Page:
The Windows 8 start screen, out of the box. Not one but two tiles are given over to the Xbox gaming platform. Some tiles are half visible. Clunky.
Boring weather app. You’ve got to scroll to the right to see much of anything.
Ugly weather map display, with some maps partially visible when one map is enlarged.
Hotmail: Will the final version look as primitive as this “app preview”? Hasn’t email progressed since 1990? This display looks worse than the simplest release of Eudora.
People app: The hideousness continues. Why is “All What’s new Me” so large? Cuz you’re supposed to be looking at it on a TABLET, dummy.
The ol’ familiar desktop, if you don’t mind having no Start button and thus no way to shut down. And how do you launch applications? As far as I can figure out, you can’t launch from the desktop, you have to return to Metro (see below).
Windows Explorer now has a MS Office-style ribbon. I guess that’s a good thing? It certainly takes up more space than the old menus.
Internet Explorer, viewed within the desktop environment.
IE in Metro, with big buttons displayed. I bet even my fat fingers could use those on a tablet, but on a desktop computer…?
What’s an operating system for? Well, to sell you more crap, of course!
Map app thinks I live on Martin Luther King Blvd. It’s about three miles off.
Video app: More consumerism and UI ugliness. Even iTunes is not as bad as this.
Xbox LIVE Games app: Who/what is that creepy, faceless avatar?
Interesting. You can pull in your Facebook photos. Too bad the UI is so clunky.
Um. Metro UI, you might want to check the resolution before using an image as a tile.
Solitaire looks kinda nice, but I couldn’t get it to run. Hope they fix that before the final release or there are going to be a lot of angry Windows users.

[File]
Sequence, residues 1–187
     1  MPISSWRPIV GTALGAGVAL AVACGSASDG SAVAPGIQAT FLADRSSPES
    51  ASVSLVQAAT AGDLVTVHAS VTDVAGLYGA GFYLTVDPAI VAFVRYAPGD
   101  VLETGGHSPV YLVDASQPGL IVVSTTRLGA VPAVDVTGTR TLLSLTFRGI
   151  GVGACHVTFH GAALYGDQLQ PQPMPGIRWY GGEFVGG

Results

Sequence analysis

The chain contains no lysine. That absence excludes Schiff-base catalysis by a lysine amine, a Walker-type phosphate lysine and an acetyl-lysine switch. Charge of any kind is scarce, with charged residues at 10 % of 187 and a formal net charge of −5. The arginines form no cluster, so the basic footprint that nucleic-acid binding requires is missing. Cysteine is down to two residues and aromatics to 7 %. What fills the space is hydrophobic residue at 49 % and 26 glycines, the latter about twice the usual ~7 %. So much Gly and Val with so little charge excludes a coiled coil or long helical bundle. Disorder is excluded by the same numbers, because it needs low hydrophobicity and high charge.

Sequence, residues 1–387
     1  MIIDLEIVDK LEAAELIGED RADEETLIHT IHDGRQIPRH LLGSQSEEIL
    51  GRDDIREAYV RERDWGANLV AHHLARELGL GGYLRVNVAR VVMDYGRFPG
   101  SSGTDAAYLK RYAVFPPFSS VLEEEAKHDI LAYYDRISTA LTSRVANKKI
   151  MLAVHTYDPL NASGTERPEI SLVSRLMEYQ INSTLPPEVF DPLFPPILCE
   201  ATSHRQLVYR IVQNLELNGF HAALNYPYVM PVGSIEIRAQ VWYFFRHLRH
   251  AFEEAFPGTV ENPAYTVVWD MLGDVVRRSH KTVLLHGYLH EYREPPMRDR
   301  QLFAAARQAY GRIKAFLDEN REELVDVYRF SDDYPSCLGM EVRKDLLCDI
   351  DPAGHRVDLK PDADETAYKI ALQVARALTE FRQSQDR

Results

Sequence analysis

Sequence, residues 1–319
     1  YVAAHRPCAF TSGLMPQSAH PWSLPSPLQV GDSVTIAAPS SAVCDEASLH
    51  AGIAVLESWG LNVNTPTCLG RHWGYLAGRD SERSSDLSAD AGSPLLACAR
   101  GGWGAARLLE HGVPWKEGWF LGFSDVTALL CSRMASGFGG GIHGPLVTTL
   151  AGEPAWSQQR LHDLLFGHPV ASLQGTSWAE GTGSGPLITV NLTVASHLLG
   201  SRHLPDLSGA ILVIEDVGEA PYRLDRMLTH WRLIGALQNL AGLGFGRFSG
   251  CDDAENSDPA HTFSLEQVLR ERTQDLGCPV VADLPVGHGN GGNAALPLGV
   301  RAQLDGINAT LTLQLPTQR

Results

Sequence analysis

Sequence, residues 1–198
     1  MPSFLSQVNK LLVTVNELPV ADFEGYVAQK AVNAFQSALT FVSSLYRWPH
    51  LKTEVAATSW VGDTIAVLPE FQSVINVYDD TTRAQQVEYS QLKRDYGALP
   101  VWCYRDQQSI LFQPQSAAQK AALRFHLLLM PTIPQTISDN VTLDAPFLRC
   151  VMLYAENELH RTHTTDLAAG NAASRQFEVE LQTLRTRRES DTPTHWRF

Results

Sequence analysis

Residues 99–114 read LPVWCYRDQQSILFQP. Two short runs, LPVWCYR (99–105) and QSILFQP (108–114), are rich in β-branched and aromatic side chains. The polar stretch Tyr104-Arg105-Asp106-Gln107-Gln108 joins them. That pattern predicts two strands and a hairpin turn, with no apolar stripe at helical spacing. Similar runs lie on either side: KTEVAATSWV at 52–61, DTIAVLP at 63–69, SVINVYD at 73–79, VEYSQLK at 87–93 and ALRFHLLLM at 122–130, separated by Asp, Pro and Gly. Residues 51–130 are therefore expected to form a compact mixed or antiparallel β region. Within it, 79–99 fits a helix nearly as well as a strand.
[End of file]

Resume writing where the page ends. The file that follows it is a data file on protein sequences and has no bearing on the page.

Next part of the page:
Messaging app: Ho hum.
Music app: Even more ways to BUY. Oh joy.
At least Metro provides a finance app so you can figure out how you’re going to get the money to pay for all the crap Microsoft wants to sell you. Note that MSFT was down last week. In anticipation of Win8/Metro’s release?
Here’s what I pared the Start screen down to.
How to load an app that is not on the start screen. Right click on the start screen and see the “All Apps” icon. Click it. Then…
Get list of all apps. Then click one to open it, but not in Metro. It opens in the conventional desktop.
And now, the secret to shutting down… While in the desktop mode, pressing Alt-F4 will bring up a shut-down dialog box. There is no mouse-based option for shutting down.
To shut down while in Metro mode, call up the Charms Bar by moving the cursor to the upper right corner. Then click the sprocket icon labeled “Settings.” A slider appears with a “Power” icon. Click it and finally escape from this miserable experience.
I was merrily typing along in WordPerfect this afternoon when I began to question my oft-repeated oath that you’d have to pry this fine word processor from my cold dead hands. I’d recently run into some formatting issues when I converted WordPerfect files to Word in order to submit a manuscript and when working with grad students I often need to be able to read their material in Word and use its track changes to make comments.
So, I’ve felt the pressure to switch for some time. I just got a new computer this summer and put Windows 7 (a release candidate) on it and, since I have no major deadlines (at least, not this week) just now, I thought it might be fitting to try a new word processor.
I fired up Word 2007 and began taking notes on C. S. Tashiro’s Pretty Pictures, an interesting book on the history film that may provide some insights into Mad Men, on which I’m currently working. Almost immediately, almost comically, Word’s crappiness became apparent.
First, it crashed when I tried to make a simple configuration change (so that it’d use curly quotation marks). Did that twice.
I figured Word was getting pretty confused by then so I closed it and rebooted the machine. It still wouldn’t do curly quotations marks, but I gave up trying to configure it. Then I attempted to open the file that I’d been working on. It refused! “Word experienced an error trying to open the file…”
I tried, as suggested, to use the Text Recovery converter. No dice. My notes were inaccessible.
WordPerfect to the rescue! I asked WP to open this Word 2007 document and bada bing! Success!
How beautiful is that? WordPerfect is so generous that it even opened a competitor’s file. Can software be equanimous? If so, then I think WordPerfect qualifies.
What did my experience with the comic crappiness of Microsoft Word teach me? It taught me that my oath was not in vain! Just try to dislodge WordPerfect from my hard drive now!